PAUL Hanagan and Richard Fahey have always believed in the ability of Sands Of Mali and their faith was rewarded with an all-the-way victory for the Yorkshire outsider in the Qipco British Champions Sprint at Ascot.
An unlucky loser in the Commonwealth Cup at Royal Ascot, the three-year-old made all in a superbly-judged ride by Hanagan, who had his rivals in trouble a long way out.
Hanagan’s relief was plain to see after this victory aboard a colt owned by Scunthorpe United chairman Peter Swann and the Cool Silk Partnership – the former champion jockey clearly hopes the victory will silence those who had mistakenly doubted his riding.
The highly-rated Blue Angel was second while Kevin Ryan’s consistent Brando was fourth, but Hanagan’s initial reaction was one of gratitude for Malton-based Fahey’s enduring support throughout his career.
“I can’t put into words what it means to win for Richard. He’s never left my side and always been there for me, so I owe him a lot,” he said.
“I quite enjoyed that! We’ve always thought a lot of Sands Of Mali and today he showed everyone what we’ve always believed.
“I was never headed and I couldn’t believe how well I was going with two furlongs to go. I just loved the way he picked up again when Harry Angel came to challenge him. I did think he was a very big price as I knew he would handle the ground. We’ve been saying for a while how good we think he is, so we’re really chuffed.”
As for Fahey, the trainer added: “It’s been very frustrating – he just got nailed at the Royal Meeting and things went pear-shaped after that.
“He’s always worked like a nice horse at home, and today he’s proven that he is. He’s had a couple of goes at Group One races and today it’s come good so I’m delighted.”
The rest of the card was dominated by John Gosden, who was confirmed as champion trainer thanks to three high-profile successes.
Two came under an inspired Frankie Dettori, who won long distance honours with Stradivarius before Cracksman made a truly stunning defence of the Champion Stakes in his last run before being retired to stud.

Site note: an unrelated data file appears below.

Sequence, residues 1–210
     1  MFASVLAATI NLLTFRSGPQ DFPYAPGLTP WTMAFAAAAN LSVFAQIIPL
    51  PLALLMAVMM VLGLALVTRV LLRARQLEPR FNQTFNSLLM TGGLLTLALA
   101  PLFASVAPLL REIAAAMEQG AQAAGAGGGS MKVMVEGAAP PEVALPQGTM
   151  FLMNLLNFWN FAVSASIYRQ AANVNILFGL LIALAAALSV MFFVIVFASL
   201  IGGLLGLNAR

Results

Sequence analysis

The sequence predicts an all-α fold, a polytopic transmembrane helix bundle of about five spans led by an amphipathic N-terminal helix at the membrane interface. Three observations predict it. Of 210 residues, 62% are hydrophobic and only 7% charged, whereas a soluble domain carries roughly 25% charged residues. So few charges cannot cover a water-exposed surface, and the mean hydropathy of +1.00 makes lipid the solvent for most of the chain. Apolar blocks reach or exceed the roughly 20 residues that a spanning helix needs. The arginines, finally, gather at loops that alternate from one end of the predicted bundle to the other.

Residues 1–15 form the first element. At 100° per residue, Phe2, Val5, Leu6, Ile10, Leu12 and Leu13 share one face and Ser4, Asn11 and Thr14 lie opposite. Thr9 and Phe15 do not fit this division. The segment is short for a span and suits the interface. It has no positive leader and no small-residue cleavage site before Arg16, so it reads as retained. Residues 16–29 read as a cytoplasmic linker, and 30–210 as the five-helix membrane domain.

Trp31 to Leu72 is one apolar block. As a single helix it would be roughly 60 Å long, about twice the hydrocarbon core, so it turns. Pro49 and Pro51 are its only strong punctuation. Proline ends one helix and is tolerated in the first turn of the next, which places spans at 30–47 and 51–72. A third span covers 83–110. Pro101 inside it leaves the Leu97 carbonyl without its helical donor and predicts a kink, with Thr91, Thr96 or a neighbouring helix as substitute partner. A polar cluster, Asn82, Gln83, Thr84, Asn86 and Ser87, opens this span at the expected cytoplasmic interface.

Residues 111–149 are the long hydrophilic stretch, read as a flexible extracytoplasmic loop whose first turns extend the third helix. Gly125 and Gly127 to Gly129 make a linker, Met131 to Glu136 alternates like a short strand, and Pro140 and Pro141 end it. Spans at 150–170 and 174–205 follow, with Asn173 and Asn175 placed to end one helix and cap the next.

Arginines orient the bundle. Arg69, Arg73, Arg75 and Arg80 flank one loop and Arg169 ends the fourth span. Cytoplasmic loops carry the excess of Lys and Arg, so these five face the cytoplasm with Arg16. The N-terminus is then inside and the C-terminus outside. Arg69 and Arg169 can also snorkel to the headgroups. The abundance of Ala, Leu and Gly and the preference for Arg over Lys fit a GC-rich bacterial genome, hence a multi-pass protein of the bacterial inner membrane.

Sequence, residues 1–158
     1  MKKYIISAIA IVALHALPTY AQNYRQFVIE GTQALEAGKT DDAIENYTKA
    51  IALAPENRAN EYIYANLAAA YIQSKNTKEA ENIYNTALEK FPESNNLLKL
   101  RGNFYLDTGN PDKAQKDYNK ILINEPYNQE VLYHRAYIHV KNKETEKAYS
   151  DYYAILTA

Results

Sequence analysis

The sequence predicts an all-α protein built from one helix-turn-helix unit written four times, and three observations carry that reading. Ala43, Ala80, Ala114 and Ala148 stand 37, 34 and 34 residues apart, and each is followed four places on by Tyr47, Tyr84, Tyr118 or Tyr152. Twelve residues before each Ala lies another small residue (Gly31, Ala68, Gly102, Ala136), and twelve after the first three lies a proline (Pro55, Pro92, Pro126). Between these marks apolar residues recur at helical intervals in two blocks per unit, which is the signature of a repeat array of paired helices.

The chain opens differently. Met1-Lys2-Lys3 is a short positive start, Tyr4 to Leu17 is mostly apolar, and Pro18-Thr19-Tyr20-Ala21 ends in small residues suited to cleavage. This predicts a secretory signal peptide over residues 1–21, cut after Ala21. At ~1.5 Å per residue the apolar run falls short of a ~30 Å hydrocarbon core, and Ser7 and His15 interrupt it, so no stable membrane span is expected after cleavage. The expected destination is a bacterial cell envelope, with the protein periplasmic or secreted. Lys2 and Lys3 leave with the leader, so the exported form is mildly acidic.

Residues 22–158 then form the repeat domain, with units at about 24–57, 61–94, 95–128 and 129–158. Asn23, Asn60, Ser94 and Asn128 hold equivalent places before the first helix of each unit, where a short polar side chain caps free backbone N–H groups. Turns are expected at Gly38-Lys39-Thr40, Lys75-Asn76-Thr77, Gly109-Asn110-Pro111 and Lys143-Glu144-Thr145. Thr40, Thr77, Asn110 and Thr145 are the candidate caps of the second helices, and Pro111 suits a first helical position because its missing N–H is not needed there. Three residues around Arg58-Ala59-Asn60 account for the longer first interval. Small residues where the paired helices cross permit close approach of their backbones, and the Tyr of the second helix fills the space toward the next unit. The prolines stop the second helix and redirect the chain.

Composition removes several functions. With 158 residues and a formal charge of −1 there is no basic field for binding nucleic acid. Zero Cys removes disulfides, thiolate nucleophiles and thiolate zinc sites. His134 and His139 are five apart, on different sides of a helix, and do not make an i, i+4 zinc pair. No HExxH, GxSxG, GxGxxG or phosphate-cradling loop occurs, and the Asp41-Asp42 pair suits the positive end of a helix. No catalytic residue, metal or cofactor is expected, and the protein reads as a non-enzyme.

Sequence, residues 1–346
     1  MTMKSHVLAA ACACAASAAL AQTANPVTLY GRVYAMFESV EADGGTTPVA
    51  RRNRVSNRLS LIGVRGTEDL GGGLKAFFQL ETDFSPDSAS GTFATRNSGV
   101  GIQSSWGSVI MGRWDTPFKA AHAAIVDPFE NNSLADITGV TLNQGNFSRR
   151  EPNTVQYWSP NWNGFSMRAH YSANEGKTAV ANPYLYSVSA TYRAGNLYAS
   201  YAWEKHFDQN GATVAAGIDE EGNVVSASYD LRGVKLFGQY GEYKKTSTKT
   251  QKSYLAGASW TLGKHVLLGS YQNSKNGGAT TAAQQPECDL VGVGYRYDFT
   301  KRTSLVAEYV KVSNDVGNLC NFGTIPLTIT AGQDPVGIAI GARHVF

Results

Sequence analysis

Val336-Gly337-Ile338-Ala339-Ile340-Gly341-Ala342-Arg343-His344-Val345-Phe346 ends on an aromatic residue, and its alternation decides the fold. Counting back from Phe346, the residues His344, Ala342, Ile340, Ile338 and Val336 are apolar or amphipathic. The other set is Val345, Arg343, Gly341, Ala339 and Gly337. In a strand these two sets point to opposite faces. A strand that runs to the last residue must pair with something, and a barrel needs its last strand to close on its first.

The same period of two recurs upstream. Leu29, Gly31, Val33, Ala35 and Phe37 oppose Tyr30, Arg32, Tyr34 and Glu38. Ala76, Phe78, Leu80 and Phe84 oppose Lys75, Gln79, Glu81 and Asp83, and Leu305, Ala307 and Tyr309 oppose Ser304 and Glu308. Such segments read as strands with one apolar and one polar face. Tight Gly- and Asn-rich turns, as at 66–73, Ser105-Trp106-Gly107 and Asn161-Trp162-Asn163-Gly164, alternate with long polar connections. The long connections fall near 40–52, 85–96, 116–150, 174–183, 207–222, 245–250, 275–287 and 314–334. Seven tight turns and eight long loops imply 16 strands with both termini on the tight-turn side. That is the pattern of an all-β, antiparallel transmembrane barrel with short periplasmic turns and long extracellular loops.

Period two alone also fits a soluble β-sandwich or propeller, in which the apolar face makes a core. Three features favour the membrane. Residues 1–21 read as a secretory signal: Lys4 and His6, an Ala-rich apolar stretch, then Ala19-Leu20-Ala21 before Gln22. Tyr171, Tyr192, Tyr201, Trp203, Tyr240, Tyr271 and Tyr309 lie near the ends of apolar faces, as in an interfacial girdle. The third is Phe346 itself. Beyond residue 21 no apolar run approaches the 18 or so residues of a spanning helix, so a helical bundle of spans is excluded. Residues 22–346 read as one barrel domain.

The most thrilling of the top races was the Queen Elizabeth II Stakes in which Gosden’s decision to drop Roaring Lion back in trip to a mile was vindicated.
Even though this year’s most dominant middle-distance horse hated the soft ground under Oisin Murphy, his class saw him win a three-way finish and the colt will also begin a career as a stallion after a possible swansong in the Breeders’ Cup in America.
The horse is owned by Sheikh Fahad, whose business empire, Qipco, sponsor the meeting. He, and his entourage, became quite excitable as they watched the race in the Royal box with the Queen.
Of the Yorkshire runners, Lord Glitters was sixth for David O’Meara while it was a race too many for Karl Burke’s Laurens, who was eighth – the filly had nothing left to give under PJ McDonald.
But this was Murphy’s day. “I am delighted to win on their horse on the biggest day of the year,” said the 23-year-old, who has enjoyed a career-defining season.
“I didn’t really get to enjoy the race because it was nip and tuck in the final furlong and my fellow had little petrol left, but he stuck at it.”